Shopko is last store of its kind for Wausau bus riders. Its closure will change their lives.
WAUSAU - If Grace Mueller needs to pick up milk, socks, plants and a memory card for her camera she can do it all in one place: Shopko. After the retailer closes on June 23, she'll be left without anywhere in Wausau to get discount items in one consolidated trip.
That's because the other local discount retailers sit just outside Wausau in Rib Mountain or Weston. For those with a car that's not a problem. But for Mueller and others who are visually impaired, disabled or elderly, it poses a dilemma.
Those reliant on the Metro Ride public transit system have only a couple of department store options such as Walgreens or CVS — and those stores are more expensive than a discount retailer like Shopko.
The bus system serves people only within Wausau city limits.
Kathi Zoern and Mueller, both of whom are visually impaired and unable to drive, said the Shopko at 200 S. 18th Ave. is a great resource they can access from the Metro Ride bus. The closure could change how they go about their regular shopping, they said — and could even change how the bus operates if there's a large decrease in riders.
"People just hop in their car just go," Zoern said. "They don’t think about municipal boundaries. I know exactly where I can go and not go."
Metro Ride previously served most of the greater Wausau area, said Transit Director Greg Seubert. Public transportation took residents to Rothschild, Weston and Schofield. Those routes halted for good in 2015, he said.
That's because the transit agency needs participation from those villages and cities for the buses to run there, Seubert said. For years now, those local governments have chosen not to subsidize Metro Ride.
When Mueller started riding the bus, she said rides continued until 9 p.m. and on Saturdays. Over the years, that's changed as hours were reduced. The bus now runs from 6:30 a.m. to 6:30 p.m. Monday through Friday.
Mueller, 70, said she can't get her driver's license because she's visually impaired. She inherited an optical disease, a type of genetic mutation, in her right eye and can see only a little. So, she rides the bus to go about her daily life: visiting friends, running errands, going out to eat.
Shopko was an asset for those who rely on public transportation, said Mueller and Zoern. The bus would drop off riders directly in front of the store so they didn't have to worry about crossing major intersections — such as those in the area of 17th and Stewart avenues where traffic is heavy. In the winter it would be even harder to cross the streets as there are icy patches and areas that might not be shoveled.
For people who can't see well or for elderly passengers who can't drive anymore, getting dropped off right at the door makes a difference in their ability to shop for themselves.
"It’s part of daily living like anybody else," Mueller said. "How would you feel if you didn’t have a place to get toilet paper or paper towels where there is a special and reduced price?"
Without the bus, Mueller and Zoern would be left relying on cabs or friends and family for constant rides. But taxi receipts can add up.
Mueller once took a cab to Kohl's in Rib Mountain to pick up a pair of slippers for her nearly 94-year-old mother. While the slippers cost only $14, it was around $35 each way for the cab ride. That turns a $14 pair of slippers into an over $70 errand.
"Our lives aren't the same as somebody that can drive," Mueller said.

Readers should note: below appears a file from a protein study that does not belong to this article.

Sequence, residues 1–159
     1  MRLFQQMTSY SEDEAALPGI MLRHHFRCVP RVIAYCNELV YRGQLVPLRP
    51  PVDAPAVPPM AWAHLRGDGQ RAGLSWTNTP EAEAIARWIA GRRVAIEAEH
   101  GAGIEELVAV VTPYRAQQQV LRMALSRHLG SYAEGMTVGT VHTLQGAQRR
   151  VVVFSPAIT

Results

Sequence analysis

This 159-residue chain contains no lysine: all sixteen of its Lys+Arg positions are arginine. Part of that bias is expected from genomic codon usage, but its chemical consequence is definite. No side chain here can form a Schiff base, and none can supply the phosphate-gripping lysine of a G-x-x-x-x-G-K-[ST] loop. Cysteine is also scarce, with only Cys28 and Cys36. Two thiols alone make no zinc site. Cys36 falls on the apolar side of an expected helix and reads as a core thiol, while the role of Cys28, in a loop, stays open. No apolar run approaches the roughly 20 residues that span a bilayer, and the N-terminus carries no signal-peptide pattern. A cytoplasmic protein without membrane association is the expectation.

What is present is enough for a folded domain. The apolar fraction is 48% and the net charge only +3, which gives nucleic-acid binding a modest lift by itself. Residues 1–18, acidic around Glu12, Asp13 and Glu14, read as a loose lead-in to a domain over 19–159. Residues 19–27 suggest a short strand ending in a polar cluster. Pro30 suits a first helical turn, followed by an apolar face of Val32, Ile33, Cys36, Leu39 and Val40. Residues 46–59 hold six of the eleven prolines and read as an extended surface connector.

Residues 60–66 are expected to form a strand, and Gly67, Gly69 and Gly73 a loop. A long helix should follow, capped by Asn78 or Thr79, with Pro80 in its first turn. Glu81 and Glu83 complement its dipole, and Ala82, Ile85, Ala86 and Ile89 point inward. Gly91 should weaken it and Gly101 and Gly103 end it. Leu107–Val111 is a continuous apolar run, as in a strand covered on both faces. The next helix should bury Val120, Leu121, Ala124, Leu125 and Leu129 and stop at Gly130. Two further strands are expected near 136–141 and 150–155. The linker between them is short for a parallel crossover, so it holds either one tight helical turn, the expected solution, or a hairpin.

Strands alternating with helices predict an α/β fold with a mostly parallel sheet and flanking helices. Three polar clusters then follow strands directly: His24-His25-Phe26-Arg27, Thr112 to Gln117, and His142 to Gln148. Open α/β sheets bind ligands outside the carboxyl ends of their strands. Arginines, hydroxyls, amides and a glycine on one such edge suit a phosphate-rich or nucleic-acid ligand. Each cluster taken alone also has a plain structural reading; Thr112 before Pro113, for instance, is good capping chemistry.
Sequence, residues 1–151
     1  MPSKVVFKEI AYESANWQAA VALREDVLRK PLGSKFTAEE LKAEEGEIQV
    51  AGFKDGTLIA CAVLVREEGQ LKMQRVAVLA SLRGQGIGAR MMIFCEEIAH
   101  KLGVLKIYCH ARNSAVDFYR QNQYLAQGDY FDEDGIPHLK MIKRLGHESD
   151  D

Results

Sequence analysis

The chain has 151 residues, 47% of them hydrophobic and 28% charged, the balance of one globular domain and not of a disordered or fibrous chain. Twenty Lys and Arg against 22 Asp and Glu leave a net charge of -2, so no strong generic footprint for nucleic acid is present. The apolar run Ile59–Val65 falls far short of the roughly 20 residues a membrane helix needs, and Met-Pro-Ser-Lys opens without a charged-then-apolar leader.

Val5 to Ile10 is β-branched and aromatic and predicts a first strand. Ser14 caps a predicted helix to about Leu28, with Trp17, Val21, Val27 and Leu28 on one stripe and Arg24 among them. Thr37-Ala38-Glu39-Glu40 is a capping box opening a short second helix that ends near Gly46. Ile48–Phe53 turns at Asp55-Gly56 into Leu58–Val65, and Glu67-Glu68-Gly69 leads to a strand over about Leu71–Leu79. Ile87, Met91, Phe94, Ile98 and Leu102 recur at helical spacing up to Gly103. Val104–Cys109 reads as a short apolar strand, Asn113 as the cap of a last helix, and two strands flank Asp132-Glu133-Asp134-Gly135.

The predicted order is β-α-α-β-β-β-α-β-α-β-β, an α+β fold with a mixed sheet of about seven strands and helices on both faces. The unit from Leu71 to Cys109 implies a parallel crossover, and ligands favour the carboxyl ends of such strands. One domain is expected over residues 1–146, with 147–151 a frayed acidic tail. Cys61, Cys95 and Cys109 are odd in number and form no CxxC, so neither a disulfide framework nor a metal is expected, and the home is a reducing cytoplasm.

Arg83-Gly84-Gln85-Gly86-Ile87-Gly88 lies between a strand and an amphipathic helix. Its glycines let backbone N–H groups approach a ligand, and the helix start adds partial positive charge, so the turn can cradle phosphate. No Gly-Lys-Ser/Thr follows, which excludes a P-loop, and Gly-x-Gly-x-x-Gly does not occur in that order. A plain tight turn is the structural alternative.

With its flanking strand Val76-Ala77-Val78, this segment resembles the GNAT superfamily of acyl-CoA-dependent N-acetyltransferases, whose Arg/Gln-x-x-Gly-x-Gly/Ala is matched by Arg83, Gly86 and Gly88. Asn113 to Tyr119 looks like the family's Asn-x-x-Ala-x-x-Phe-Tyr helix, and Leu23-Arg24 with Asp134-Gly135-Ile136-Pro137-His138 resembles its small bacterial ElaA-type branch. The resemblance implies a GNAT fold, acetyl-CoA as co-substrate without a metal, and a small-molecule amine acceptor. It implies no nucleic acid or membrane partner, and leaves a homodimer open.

"They didn't think of us kind of people when they built the big box stores."
A particular blow to elderly and disabled
Seubert said he expects ridership on that bus route will dwindle after Shopko closes. His primary concern is for the customers of Metro Ride.
"We have been watching the decline of retail for a while now, and Shopko was the last remaining discount retail store on a bus line," Seubert said. "We have been concerned for a while."
The retail area near 17th and Stewart avenues is primed for a bus route, he said, because Shopko offered customers the chance to consolidate shopping trips by providing a variety of basic items. There are grocery stores nearby like Trig's and County Market; chain dining spots like Panera and Noodles and Company; Marathon Park; and John Muir Middle School.
For that reason, Seubert doesn't think the route will die off. It's the most popular with a total of almost 60,000 passengers in 2018. That's 18 percent of all city bus passengers.
About half of the passengers on the bus route to Shopko in 2018 were identified as elderly or disabled, according to data provided by Seubert. The only route with more elderly or disabled riders is the one that travels to North Central Health Care and Mount View Care Center, a nursing home.
'That bus route gave me ... independence'
Seubert said the Shopko closure highlights the need for regional transportation needs. People often live in one community and work or shop in another, he said.
The transit agency doesn't have a solution yet for riders after June 23 when the Wausau Shopko closes, Seubert said. He will have to evaluate the ridership numbers again and see how the retail scene around 17th Avenue might grow and change. Another large retail operation could open in the old Shopko storefront, or nearby grocery stores might take advantage of the gap and add more merchandise to fill needs, he said.
As for Mueller, she is not sure how her transportation habits will change. She plans to spend more time at Walgreens shopping for her household items and will likely have to budget more money for basic goods and more time for bus trips.
Zoern said she will have to find somewhere more expensive to run her errands now, or wait to rely on friends and family for rides to Rib Mountain.
"That's what that bus route gave me, was independence," Zoern said.